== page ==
Deciding to have a baby can be a happy – and sometimes scary – time for parents. Worries and questions about finances, the future, and the baby’s health are common. But most parents-to-be don’t have a cancer diagnosis looming over their heads like Abby and Tom Morgan did.
A 32-year-old teacher, Abby says she always wanted children – but that dream met a harsh reality in 2013, when she was diagnosed with metastatic synovial sarcoma during a physical meant to assess her likelihood of getting pregnant.
The Morgans went through a two-week crash course in IVF at Brigham and Women’s Hospital before Abby, then 28, began a year of intense treatment at Dana-Farber: eight rounds of chemotherapy, radiation, and two surgeries. She then went on an oral agent to slow her tumor’s growth – a drug that worked so well it even shrunk one of her tumor spots.
“We weren’t specifically thinking about having children — we had narrowed our focus on just keeping me alive,” Abby says of her first year in treatment. “But once the oral chemo started to work so well, we thought more about the future.”
Although they had talked about children before, deciding whether to go through with it given Abby’s uncertain prognosis presented an ethical and moral challenge.
“As a parent, you always want what’s best for your child, and dealing with cancer is not the best,” Abby says. “I felt like I was forcing them to live with a challenge that other kids don’t have, and how could I ask a child to do that? How could I ask Tom to potentially be a single parent?”
Abby sought guidance from her Dana-Farber psychologist, Karen Fasciano, PsyD, who specializes in treating young adults with cancer and had worked with on disclosing her diagnosis and coping with an unknown future.
“Karen helped me realize that you never raise a child on your own; the support system of family and friends who had stepped up to help me would step up to help us in this, too,” she says.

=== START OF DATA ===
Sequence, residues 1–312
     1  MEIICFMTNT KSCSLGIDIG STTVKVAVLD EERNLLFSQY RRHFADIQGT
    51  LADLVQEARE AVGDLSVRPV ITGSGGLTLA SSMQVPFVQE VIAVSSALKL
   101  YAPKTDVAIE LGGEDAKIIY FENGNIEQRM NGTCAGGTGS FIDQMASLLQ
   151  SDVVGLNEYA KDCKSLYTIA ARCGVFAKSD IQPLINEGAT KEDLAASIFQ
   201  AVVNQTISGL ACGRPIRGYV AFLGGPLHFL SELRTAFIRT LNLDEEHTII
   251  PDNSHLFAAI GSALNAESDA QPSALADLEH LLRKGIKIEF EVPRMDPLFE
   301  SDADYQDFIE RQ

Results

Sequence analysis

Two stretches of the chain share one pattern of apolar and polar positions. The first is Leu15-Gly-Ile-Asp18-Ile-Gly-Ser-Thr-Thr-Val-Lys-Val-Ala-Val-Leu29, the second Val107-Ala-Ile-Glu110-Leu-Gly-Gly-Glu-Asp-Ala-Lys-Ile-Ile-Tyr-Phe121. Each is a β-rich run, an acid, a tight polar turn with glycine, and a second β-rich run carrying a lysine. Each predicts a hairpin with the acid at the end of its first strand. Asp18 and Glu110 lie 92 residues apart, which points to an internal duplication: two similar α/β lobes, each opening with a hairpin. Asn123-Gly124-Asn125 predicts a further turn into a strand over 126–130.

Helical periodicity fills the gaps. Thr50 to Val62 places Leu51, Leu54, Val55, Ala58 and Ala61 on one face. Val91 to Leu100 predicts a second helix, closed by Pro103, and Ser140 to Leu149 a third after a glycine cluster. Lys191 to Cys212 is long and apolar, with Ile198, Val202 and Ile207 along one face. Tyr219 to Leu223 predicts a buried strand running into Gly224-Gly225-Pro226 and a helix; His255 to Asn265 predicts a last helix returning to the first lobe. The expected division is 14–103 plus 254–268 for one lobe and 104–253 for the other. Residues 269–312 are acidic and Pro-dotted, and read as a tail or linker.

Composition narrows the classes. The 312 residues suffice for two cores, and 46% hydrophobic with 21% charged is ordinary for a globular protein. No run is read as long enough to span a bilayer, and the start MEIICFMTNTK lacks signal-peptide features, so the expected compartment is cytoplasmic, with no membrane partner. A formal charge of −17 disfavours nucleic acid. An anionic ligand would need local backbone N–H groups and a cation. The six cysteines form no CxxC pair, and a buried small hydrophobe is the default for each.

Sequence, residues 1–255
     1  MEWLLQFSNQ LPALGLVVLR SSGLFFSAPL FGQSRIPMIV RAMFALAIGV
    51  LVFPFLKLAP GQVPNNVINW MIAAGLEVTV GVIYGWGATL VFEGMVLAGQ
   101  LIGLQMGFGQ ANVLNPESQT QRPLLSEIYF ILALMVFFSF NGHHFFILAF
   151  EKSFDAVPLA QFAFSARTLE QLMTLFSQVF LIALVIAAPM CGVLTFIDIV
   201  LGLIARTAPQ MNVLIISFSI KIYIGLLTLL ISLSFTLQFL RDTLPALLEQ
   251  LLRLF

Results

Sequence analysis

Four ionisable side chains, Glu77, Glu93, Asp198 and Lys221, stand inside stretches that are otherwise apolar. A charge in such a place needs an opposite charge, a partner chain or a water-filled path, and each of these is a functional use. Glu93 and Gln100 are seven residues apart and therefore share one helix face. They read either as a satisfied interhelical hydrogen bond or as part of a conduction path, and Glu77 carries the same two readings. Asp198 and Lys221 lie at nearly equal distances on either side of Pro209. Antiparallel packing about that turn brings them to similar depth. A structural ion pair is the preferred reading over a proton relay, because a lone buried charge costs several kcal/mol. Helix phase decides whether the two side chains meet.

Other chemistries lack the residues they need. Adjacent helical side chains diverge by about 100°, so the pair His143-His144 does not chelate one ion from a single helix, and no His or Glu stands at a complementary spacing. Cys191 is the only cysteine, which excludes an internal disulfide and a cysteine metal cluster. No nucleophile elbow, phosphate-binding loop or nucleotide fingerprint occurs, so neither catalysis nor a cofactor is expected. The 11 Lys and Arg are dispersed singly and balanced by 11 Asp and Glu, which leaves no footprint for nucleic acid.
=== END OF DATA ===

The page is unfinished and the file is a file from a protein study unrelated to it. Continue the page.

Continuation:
Once Abby had secured her community’s support of the couple and their baby-to-be, and Tom confirmed his commitment to creating a family, it was on to logistics.
It wouldn’t be safe for Abby to carry; being pregnant would mean being off her treatment for a year – far too much of a risk. So the couple began thinking of surrogates, a conversation that came up with their good friends Crystal and Ben Hutchins, who soon offered to take on the challenge. In November 2015, Crystal learned that she was pregnant.
Throughout the pregnancy, Crystal and Abby stayed close and attended every doctor’s appointment together. The Morgans made weekly visits to Crystal and Ben, parents of two young boys, to make dinner and watch the kids. Meanwhile, Abby and Tom worked on getting used to the idea of being parents. It was something they, like many others, still weren’t entirely prepared for when Crystal’s water broke in late June 2016. Both couples rushed to the hospital to see the birth of a beautiful baby girl.
That moment will forever be etched into their memories.
“We followed the baby into the nursery and we stayed with her the rest of the day – the rest of our lives,” Abby remembers.
Now one year into life as a parent, and still on active treatment, Abby recognizes how important it is for her to have a relationship with her daughter for as long as possible – and the value of creating a legacy and memory her daughter can have for a lifetime.
Each Christmas, Abby creates a photo book for her family, and for her little girl’s first birthday she created a video of her life – in which Abby plays a prominent role.
As for Crystal, Ben, and their children, the families see each other often, with the boys thinking of the baby as a cousin.
“We will always have a great friendship with them – and Crystal clearly has a soft spot for Amelia,” Abby says with a smile.